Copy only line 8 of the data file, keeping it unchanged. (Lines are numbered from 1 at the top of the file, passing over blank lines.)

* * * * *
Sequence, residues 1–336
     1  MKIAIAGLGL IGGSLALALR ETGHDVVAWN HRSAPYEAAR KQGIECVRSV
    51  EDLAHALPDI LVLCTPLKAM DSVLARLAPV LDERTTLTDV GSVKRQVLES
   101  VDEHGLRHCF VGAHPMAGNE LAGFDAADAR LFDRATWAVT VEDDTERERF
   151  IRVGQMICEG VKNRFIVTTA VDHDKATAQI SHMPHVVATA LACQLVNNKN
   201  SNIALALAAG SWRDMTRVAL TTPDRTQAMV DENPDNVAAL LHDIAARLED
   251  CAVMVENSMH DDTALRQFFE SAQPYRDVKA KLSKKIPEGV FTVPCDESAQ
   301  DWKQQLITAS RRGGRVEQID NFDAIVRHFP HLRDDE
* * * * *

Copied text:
   301  DWKQQLITAS RRGGRVEQID NFDAIVRHFP HLRDDE